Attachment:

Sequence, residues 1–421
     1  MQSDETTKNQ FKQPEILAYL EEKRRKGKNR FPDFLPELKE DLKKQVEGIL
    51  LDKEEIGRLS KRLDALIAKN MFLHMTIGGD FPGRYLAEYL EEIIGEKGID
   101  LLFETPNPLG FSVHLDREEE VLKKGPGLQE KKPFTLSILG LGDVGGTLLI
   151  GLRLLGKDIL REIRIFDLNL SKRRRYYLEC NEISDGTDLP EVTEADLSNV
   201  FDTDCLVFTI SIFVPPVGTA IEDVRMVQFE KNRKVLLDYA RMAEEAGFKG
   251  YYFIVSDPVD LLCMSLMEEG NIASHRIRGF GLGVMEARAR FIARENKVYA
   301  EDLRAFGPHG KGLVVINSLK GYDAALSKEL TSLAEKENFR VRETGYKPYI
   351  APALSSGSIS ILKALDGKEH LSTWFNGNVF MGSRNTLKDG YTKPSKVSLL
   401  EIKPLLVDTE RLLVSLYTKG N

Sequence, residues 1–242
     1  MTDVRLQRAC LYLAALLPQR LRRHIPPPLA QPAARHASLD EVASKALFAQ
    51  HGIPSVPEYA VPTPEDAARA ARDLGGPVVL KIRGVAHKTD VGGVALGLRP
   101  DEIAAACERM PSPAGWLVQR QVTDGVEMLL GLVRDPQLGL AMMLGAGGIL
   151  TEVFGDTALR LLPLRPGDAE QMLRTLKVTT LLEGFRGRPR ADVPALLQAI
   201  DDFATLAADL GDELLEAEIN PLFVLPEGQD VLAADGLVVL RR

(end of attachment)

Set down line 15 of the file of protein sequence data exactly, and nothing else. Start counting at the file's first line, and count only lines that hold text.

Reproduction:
   151  TEVFGDTALR LLPLRPGDAE QMLRTLKVTT LLEGFRGRPR ADVPALLQAI